by | Jan 19, 2016 | Clients, Marketing, Sales

One of the scariest parts of starting your private practice is the idea that you have to “sell your services”. I’m sure that during your time in school you never imagined that you would have to script your sales process or even take sales training. For most of us, selling doesn’t come naturally and feels icky, like you’ve duped someone into buying something they don’t really need. Our job isn’t to pressure or persuade a prospect into making changes.

 
The sales job of a natural health practitioner is to identify the problems and pain points by asking questions and listening to the answers then sharing the benefits of your program, highlighting how you can help solve those problems.

 
Being able to sell is a learned skill so it makes perfect sense that you would need to practice this skill in order to do it well and with confidence. Being able to sell yourself and your program has NOTHING to do with how educated you are, how many certifications you have or how much experience you have.

 
Let’s take a look at 3 common objections prospects pose and the scripts you can use to overcome the objections before they even happen.

 

Objection #1: This is too expensive.

Scripted Questions To Ask Before Giving The Price:

  1. Have you worked with a nutritionist in the past?
  2. Did you enjoy that experience and achieve your goals (why/why not)?
    Use the why not answer to explain how you are different and how you are going to work with them to overcome whatever the why not challenge was.
  3. What are the top 3 to 5 challenges you face that you believe will stop you from achieving your goals?

 
When you explain your program to them highlight how you will help them overcome the challenges they spoke about by doing X, Y, Z. Flip the challenges on their head and use them to showcase the benefits of working with you.

 
Example: One of my challenges is that I’m very social and my husband always likes to entertain business associates at restaurants.

 
Script: You mentioned that you are very social and that you frequent restaurants with your husband. One of the benefits of working together is that we will review menus and food options so that you know exactly what to order and what to avoid when you socialize. You will feel confident going out to eat because you will be armed with the nutrition education to make the best possible choices. Socializing won’t be a deterrent for you.

 
I overcame her challenge with one major benefit that is offered by working together. You must ask questions in order to understand the prospect’s challenges and fears. Then when you explain your program and how you can help them, touch on how you will overcome those challenges and fears by working together.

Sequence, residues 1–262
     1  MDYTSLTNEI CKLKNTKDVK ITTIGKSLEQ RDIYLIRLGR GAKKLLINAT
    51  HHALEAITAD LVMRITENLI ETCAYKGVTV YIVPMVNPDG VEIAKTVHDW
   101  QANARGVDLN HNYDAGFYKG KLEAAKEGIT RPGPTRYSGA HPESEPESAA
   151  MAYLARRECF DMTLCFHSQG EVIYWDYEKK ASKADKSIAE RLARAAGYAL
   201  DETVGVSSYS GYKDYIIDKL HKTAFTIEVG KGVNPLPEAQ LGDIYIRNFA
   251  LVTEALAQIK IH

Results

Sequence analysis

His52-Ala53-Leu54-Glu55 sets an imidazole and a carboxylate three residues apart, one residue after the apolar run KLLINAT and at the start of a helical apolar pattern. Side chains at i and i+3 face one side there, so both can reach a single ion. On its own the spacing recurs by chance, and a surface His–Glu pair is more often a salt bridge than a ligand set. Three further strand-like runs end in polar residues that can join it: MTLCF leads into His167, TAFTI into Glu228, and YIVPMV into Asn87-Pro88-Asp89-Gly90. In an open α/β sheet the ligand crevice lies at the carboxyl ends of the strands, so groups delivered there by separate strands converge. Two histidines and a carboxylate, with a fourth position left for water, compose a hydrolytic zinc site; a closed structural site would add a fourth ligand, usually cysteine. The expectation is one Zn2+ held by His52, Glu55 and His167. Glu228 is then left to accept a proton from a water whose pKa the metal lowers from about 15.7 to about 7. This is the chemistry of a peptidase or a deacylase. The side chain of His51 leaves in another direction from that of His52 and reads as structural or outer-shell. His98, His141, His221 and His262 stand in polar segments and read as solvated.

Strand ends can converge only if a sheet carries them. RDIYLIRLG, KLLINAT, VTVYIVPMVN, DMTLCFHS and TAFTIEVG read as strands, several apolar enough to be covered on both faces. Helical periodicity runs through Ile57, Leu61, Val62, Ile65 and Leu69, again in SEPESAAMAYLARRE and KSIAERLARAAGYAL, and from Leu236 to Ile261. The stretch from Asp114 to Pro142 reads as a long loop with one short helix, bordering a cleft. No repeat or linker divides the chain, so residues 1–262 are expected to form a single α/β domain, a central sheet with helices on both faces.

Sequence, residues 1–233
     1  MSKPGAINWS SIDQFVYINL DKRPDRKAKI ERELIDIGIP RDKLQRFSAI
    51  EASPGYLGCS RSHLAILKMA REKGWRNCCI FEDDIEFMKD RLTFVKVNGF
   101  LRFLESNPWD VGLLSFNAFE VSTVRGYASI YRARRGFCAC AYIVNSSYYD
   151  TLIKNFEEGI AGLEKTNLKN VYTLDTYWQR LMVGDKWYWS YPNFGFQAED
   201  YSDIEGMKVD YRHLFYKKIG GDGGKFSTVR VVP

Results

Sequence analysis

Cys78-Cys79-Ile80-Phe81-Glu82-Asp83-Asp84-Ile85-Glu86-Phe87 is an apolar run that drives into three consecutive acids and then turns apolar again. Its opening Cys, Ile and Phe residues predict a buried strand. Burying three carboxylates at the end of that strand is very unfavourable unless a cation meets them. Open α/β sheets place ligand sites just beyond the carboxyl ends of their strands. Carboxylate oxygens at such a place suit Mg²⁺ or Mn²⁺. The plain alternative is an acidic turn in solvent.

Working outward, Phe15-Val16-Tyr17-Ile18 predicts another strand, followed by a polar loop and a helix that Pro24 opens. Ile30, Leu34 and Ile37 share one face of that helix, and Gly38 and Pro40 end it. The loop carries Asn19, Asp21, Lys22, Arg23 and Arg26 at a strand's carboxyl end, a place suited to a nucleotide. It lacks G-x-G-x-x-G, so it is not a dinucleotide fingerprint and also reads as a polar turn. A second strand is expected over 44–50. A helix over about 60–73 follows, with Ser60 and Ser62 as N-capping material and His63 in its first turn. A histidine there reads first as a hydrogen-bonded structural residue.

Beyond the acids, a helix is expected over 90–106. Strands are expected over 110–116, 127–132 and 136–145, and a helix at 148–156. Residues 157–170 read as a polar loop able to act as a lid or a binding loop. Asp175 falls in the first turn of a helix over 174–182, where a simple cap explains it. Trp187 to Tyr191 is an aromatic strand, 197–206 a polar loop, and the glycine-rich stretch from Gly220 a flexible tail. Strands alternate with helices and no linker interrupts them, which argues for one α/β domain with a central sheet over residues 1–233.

When you do this price is no longer an objection because the prospect can feel the value in working with you.

 

Objection #2: I don’t want to give up chocolate, wine or other favorite foods.

Understand The Fear Behind This Objection:

 
Ask the question… On a scale of 1 to 10 (10 being 100% committed) how committed are you to making some small changes to your food choices, including your comfort foods?

 
If you get anything less than an 8, ask why they are only 60% committed. What is stopping them from being 80 to 90% committed?

 
There will most likely be some sort of challenges or mindset belief that they need to overcome before they can be fully committed.

Remember that people don’t like change. They like to feel comfortable and pacified. It’s a widely held perception that dieting means restriction from all of their favorite foods. Even if you plan to change their nighttime snack addictions, let them know they can keep their chocolate, wine, etc. Their guard will drop and they will relax.

 
Our job is to make small changes one at a time. Long-term changes start with the client having the confidence and belief that they can actually make and sustain the changes. This is not possible when they are consumed with all of the foods they can’t have.

 

Objection #3: I’m too busy and don’t have time to plan, prep and cook.

“Show me your schedule and I’ll show you where your priorities lie.” Robin Sharma

 
Make It Simple And Not Time Consuming:

Ask the following questions:

  1. Who does the grocery shopping?
  2. Are you okay with repeating meals and snacks or do you need variety daily?
  3. Who in your family can you ask for help so that you can carve out 30 minutes, 3 times per week to prepare your meals and snacks?Here is the uncomfortable question you should ask: How are you going to reach your goals if you don’t prioritize your time? What else are you doing instead?In the past I’ve asked clients to bring their weekly calendars to our sessions and we actually schedule time for grocery shopping, prepping and cooking together. If it’s on their calendar it becomes real.

 
When time is a concern for the clients what they are really saying is that they don’t value their health or aren’t motivated enough to allocate their time to making the commitment.

 
So your job is to build up their confidence by giving them small changes to make one at a time to build momentum and confidence.

 
Almost All Objections Come Down To Emotions

  1. Not FEELING the value or the benefit of the program and how it will specifically help them get what they want.
  2. Lack of confidence and the disbelief that they can actually achieve their goals.
  3. Fear that they will fail, repeat the same mistakes and give up feeling comfortable.

 
When you can identify these emotions and mindset challenges and overcome them by explaining how you will work through them you ward off the objection before it’s even given to you.

 

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